[62] Tiwari, J., Schaub, E., & Sultana, N. (2019). Barriers to “last mile” financial inclusion: Cases from northern kenya. Development in Practice, 1-13, 1-13. doi:10.1080/09614524.2019.1654432
[63] UNDESA (2012). Measuring and Evaluating e-Participation (METEP): Assessment of Readiness at the Country Level. A publication of the United Nations Department of Economic and Social Affairs (UNDESA).
[64] UNSGSA (2016). Annual report to the UN Secretary-General - September 2016. A publication of the United Nations Secretary-General’s Special Advocate for Inclusive Finance for Development.
[65] Van-Heck, B. (2003). Participatory Development: Guidelines on Beneficiary Participation in Agricultural and Rural Development. Rural Institutions and Participation Service, Rural Development Division Food and Agriculture Organization of the United Nations Rome Italy September 2003 (2nd edition)
[66] Wang, X. H. (2001). Assessing public participation in U.S. cities. Public Performance & Management Review, 24(4), 322–336.
[67] Wang, X. H., & Van Wart, M. (2007). When public participation in administration leads to trust: an empirical assessment of managers’ perceptions. Public Administration Review, 67(2), 265–278.
[68] Whetten, D. (1989). What constitutes a theoretical contribution? The Academy of Management Review, 14(4), 490-495
[69] World Bank (2012). Citizen participation handbook. People's Voice Project International Centre for Policy Studies.
[70] World Bank (2018). Financial inclusion. Retrieved December 4, 2019 from
[71] World Data Lab. (2019). The Percentage of Nigerians Living in Extreme Poverty could Increase by2030. Retrieved from World Poverty Clock:
[72] Yani, A.A., Hans, A., Tadjang, S., Hidayat, A.R., Yunus, A.Y., & Agam, A.N. (2017). Measuring Quality of Citizens’ Participation in Local Development. Advances in Economics, Business and Management Research (AEBMR), volume 43 International Conference on Administrative Science (ICAS 2017).
[73] Young, I. M. (1990). Justice and the Politics of Difference. Princeton University Press.
[74] Zhou, T. (2013). An empirical examination of continuance intention of mobile payment services. Journal of Decision Support Systems 54 (2013) 1085–1091
[75] Rajasekhar, D., Kesavan, S., Manjula, R. (2017). Are our contributory pension schemes failing the poor? Economic and Political Weekly, 52 (27), pp. 77-85
[76] Dufhues, T., Geppert, M. & Buchenrieder, G. (2003). Combining quantitative and participatory methods in conjoint analysis - Designing microsavings in Northern Vietnam. Savings and Development 27(3), pp. 281-294
[77] Cortés, J. (2019). Process, theory, and practice in direct democracy: Avenues for new research. Politics & Policy, 47(4), 673-698. doi:10.1111/polp.12317
[78] Smith, G. (2009a). Democratic Innovations: Designing Institutions for Citizen Participation-Theories of Institutional Design. New York: Cambridge University Press
[79] Wong, S. (2012). What Have Been the Impacts of World Bank Community Driven Development Programs? 69541. Washington, DC: World Bank
[80] Chilisa, B. & Preece, J. (2005): Research methods for adult educators in Africa. Cape Town: UNESCO/Pearson Publications
[81] Maguire, R. (1981). Bottom-up Development in Haiti. Inter-American Foundation, Rosslyn, VA.
[82] Edwards, M. & Hulme, D. (1996). Too Close for Comfort? The Impact of Official Aid on Nongovernmental Organizations. World Development 24(6), 961–973.
[83] Monaheng, T. (1995) Rural development and community participation in Lesotho, University of South Africa, Pretoria,
[84] Brown, L.D. & Korten, D. (1991). Working More Effectively with Non-governmental Organizations. Non-governmental Organizations and the World Bank, eds. Paul Samuel and Arturo Israel. World Bank, Washington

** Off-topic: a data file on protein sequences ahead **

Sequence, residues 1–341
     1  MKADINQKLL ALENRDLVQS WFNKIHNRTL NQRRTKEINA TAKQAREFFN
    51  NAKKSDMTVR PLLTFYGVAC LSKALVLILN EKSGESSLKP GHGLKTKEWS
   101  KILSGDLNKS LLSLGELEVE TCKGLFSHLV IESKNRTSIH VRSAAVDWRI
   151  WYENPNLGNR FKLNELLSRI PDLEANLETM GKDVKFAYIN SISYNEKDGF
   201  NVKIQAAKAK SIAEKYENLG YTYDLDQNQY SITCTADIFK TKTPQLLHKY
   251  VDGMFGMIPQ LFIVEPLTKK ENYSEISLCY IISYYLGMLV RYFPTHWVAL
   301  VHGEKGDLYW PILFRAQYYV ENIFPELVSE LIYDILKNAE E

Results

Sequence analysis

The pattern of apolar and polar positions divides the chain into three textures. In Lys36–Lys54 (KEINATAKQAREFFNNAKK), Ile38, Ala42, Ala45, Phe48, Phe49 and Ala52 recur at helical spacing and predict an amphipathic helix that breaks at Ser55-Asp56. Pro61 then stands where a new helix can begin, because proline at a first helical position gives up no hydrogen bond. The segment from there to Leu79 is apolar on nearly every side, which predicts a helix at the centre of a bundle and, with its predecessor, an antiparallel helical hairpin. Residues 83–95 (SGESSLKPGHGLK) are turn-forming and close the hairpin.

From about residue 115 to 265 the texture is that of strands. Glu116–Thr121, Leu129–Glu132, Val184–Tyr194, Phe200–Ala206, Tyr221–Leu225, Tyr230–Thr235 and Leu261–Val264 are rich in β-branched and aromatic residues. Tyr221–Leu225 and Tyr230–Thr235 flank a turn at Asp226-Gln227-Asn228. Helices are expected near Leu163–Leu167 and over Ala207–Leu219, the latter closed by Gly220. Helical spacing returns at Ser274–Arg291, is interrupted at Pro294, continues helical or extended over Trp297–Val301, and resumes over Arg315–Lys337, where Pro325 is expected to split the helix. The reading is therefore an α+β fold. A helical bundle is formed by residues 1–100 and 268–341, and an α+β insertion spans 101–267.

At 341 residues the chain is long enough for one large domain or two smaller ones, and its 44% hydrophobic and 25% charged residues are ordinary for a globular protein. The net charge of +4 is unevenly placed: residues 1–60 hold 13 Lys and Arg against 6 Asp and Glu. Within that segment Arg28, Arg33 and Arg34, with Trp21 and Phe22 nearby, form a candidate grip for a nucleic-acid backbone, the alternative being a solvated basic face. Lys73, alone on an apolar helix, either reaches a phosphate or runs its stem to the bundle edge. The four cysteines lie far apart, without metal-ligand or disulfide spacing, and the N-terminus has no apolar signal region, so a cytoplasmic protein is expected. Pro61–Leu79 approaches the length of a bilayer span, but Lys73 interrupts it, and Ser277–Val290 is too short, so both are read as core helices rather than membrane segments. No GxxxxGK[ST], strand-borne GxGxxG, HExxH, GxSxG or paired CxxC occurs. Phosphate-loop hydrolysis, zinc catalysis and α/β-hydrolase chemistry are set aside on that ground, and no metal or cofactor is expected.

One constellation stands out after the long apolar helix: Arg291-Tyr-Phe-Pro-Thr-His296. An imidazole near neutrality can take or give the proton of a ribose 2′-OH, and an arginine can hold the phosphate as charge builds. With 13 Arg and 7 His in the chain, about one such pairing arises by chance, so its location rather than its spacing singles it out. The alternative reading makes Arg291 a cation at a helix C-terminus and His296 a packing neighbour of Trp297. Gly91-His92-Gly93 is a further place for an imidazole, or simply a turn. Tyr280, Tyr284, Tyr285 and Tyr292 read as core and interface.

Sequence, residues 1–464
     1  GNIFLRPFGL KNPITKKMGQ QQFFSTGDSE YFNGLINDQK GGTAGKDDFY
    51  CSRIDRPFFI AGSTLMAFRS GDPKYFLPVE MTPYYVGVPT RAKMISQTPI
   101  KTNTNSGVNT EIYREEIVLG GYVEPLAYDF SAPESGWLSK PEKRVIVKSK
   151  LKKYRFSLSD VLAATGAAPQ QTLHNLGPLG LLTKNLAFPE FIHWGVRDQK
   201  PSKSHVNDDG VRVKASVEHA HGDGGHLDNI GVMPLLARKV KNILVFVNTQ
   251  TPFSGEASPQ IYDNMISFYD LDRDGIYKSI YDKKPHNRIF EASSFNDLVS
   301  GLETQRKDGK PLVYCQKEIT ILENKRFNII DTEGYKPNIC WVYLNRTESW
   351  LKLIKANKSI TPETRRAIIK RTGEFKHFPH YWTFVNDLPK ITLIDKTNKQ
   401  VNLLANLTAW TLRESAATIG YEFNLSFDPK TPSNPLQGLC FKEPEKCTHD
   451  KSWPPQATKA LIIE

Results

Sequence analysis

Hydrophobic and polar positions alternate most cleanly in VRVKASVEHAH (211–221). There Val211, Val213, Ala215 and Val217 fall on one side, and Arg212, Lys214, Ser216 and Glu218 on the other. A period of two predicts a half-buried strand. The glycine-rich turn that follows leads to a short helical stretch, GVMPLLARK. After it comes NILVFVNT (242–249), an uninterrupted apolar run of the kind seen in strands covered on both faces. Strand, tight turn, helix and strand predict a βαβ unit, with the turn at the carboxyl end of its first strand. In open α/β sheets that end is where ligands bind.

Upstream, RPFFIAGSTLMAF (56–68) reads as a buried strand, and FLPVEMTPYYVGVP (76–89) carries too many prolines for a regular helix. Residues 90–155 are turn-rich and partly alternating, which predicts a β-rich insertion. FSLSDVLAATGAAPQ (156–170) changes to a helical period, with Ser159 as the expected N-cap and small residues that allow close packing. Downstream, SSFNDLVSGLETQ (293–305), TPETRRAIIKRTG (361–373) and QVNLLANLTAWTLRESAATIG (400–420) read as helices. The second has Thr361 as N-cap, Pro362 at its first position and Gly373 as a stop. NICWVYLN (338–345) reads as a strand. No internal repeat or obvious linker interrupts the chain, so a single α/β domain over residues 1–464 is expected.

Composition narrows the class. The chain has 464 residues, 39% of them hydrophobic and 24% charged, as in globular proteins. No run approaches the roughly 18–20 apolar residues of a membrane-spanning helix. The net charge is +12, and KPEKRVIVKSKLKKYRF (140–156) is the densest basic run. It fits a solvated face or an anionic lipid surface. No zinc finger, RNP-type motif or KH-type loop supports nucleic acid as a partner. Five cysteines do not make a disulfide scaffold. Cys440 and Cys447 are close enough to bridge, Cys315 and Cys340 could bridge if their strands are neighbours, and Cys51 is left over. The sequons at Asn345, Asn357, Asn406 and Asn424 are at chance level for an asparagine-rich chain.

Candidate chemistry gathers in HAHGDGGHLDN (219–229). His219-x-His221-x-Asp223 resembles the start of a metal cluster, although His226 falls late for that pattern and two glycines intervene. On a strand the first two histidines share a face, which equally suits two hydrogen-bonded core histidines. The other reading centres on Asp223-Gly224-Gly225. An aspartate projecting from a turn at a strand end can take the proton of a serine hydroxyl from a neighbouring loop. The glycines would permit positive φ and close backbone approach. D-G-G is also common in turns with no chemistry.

[85] Salamon, L.M. (1987). Partners in Public Service: The Scope and Theory of Government-Non-profit Relations. The Non-profit Sector: A Research Handbook. ed. Powell, Walter W. Yale University Press, New Haven.
[86] Tendler, J., (1997). Good Government in the Tropics, Baltimore & London: The Johns Hopkins University Press.
[87] Narayan, D., & Ebbe, K. 1997, “Design of Social Funds −Participation, Demand Orientation, and Local Organizational Capacity”, World Bank Discussion Paper N° 375, Washington, DC: The World Bank.
[88] Brown, L.D. & Kalegaonkar, A. (1999). Addressing Civil Society’s Challenges: Support Organizations as Emerging Institutions. Institute for Development Research (IDR) Reports Volume 15, Number 2 1999.
[89] Rietbergen-McCracken, J. (2010). Participatory policy-making.
[90] Rietbergen-McCracken, J. (1996). Participation in practice: The experience of the World Bank and other stakeholders (World Bank discussion paper, no. 333). Washington, D.C.: World Bank.
[91] FAO (2005). How to do participatory policy development. A publication of the Food and Agriculture Organisation (FAO)
[92] Talò, C., & Mannarini, T. (2015). Measuring participation: Development and validation the participatory behaviors scale. Social Indicators Research: An International and Interdisciplinary Journal for Quality-Of-Life Measurement, 123(3), 799-816. doi:10.1007/s11205-014-0761-0
[93] Nabatchi, T. (2011) A Manager’s Guide to Evaluating Citizen Participation. A publication of the IBM Centre for the Business of Government.
[94] Nan, R., & Ouyang, F. (2020). Influence of social networks on citizens' willingness to participate in social governance: evidence from China. Complexity, 2020.
[95] Brandsen, T., Steen, T., & Verschuere, B. (2018). Co-production and co-creation: engaging citizens in public services (Ser. Routledge critical studies in public management). Routledge.
[96] Galasso, E. & Ravallion, M. (2000). Distributional Outcomes of a Decentralized Welfare Program, mimeo, The World Bank, Washington.
[97] Conning, J. & Kevane, M. (1999). Community Based Targeting Mechanisms for Social Safety Nets, mimeo, Department of Economics, Santa Clara University, Cal., USA
[98] Involve (2005) The True Costs of Participation: A Brief Literature Review. London: Involve. Involve is funded by the Government of United Kingdom as a National Advisory Group.